Slavujevic accepted a position at Tyrifjord SDA Academy in Norway in 1988, where he taught music for the next eight years. During that time he toured with the choir and vocal and instrumental soloists, giving concerts in numerous countries in Western and Eastern Europe, from northern Russia and Scandinavia to southeast Europe. He also recorded an album featuring the school choir, orchestra, three vocal groups, one instrumental ensemble, and some soloists. Two albums of live worship programs given by the school male octet were also produced.
After leaving the academy in 1996, Slavujevic traveled to the U.S. and enrolled as a graduate student at Andrews University. He sang in the select choir, the University Singers, under Stephen Zork, and was an occasional soloist with them. He completed an M.Mus. in choral conducting in 1998 and was selected a member of Phi Kappa Phi, a national honor society. In 2005 and 2006 he was listed in two different Marquis Who's Who publications.
From 1998 to 2008, he taught piano and voice at the Salvation Army Arts and Music School in Michigan. During that time he was also an adjunct voice teacher at AU and Lake Michigan College and directed the choir from 2007 to 2009 at the Village SDA Elementary School in Berrien Springs, Michigan. Since 2008, Slavujevic has taught piano and voice at the Citadel Dance and Music Center in nearby Benton Harbor, a position he still holds.
He has also filled many roles as a minister of music at several Protestant churches since 1998, serving as pianist, organist, and conductor of choral groups at all age levels as well as handbell groups and orchestras.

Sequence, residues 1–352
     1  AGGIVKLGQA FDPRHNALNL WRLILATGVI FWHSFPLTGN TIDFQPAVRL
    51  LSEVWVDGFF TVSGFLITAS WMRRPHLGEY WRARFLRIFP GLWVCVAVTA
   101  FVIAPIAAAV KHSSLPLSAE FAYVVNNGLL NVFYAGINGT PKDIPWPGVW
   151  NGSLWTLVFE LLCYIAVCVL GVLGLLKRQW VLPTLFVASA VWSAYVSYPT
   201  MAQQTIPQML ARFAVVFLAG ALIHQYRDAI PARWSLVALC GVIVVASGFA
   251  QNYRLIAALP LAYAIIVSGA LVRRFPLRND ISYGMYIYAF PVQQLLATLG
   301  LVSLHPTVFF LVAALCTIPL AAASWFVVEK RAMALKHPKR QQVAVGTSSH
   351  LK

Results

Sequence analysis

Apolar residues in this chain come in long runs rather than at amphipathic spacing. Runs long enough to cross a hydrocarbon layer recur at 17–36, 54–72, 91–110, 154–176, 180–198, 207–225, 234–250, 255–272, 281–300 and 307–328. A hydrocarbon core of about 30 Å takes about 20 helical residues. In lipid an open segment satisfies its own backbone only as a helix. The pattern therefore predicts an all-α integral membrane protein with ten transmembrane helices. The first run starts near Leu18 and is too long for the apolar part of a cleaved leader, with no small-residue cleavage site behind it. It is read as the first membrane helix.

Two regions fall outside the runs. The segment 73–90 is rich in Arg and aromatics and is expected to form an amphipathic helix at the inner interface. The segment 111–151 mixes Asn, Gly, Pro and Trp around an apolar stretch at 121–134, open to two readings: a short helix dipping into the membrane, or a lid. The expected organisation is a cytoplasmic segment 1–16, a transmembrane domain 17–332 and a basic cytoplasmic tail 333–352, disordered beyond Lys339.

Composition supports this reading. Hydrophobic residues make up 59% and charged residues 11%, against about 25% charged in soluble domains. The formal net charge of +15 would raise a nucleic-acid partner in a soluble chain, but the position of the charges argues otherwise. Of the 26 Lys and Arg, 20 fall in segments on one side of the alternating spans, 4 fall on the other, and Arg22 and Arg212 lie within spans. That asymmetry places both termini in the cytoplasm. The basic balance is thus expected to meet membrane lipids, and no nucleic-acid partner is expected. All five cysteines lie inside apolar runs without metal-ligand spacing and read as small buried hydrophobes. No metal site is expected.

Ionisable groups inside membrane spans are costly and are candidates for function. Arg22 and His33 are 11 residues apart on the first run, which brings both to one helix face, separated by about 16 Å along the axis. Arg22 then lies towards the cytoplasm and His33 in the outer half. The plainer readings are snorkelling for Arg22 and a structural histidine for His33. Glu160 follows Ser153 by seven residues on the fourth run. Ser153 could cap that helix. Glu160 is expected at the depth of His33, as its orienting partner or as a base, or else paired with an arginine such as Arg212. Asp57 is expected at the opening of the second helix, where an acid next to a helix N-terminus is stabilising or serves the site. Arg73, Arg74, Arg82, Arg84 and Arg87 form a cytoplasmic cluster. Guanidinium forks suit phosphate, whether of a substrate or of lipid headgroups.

When Slavujevic heard that the vast majority of small SDA churches in Serbia, Bosnia, Herzegovina, and Montenegro (all in southeast Europe) do not have keyboard players, instruments, and song service leaders, he decided to help them. Together with his mother Anica, he volunteered to record five albums with a total of 143 favorite songs from the local SDA Church Hymnal. The Slavujevic family organized the purchase and distribution of CD players to over fifty SDA churches. These congregations can now use these five albums with their six hours of sacred music to sing to the glory of God in their churches and homes.
Additionally, in the past decade he has recorded two solo albums in the Serbian language and two featuring the Slavujevic Family Mixed Quartet (himself and his mother, father, and sister) and two in English. He, his wife, daughters, and sister give free concerts in the Lake Union Conference that feature singing and testimonies.
Slavujevic has been featured on 3ABN television as a self-accompaniedsoloist and has recorded live fifteen songs in this setting. A highlight for him was performing in this manner at the 2010 General Conference Session in Atlanta, Georgia, on a Saturday evening in the main auditorium, the Georgia Dome. A recording of this performance was broadcast on the Hope Channel in December 2011.
Source: Information provided by Vladimir Slavujevic, September 2011; One hundred Years at Newbold College, 1901 - 2001, Helen Savage and Ruth Taylor, compilers and editors, 142, 143. Citidal Dance and Music Center website.